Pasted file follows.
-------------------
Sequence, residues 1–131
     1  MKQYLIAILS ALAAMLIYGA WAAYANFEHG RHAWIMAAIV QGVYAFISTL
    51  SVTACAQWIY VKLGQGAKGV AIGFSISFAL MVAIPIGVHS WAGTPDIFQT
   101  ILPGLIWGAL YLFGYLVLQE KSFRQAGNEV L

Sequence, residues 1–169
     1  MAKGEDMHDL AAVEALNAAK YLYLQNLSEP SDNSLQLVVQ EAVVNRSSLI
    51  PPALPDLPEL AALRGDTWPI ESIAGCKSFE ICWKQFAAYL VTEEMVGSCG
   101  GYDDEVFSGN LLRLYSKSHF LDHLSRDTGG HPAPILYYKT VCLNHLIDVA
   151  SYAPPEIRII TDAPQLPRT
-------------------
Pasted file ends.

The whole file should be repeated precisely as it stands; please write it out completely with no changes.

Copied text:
Sequence, residues 1–131
     1  MKQYLIAILS ALAAMLIYGA WAAYANFEHG RHAWIMAAIV QGVYAFISTL
    51  SVTACAQWIY VKLGQGAKGV AIGFSISFAL MVAIPIGVHS WAGTPDIFQT
   101  ILPGLIWGAL YLFGYLVLQE KSFRQAGNEV L

Sequence, residues 1–169
     1  MAKGEDMHDL AAVEALNAAK YLYLQNLSEP SDNSLQLVVQ EAVVNRSSLI
    51  PPALPDLPEL AALRGDTWPI ESIAGCKSFE ICWKQFAAYL VTEEMVGSCG
   101  GYDDEVFSGN LLRLYSKSHF LDHLSRDTGG HPAPILYYKT VCLNHLIDVA
   151  SYAPPEIRII TDAPQLPRT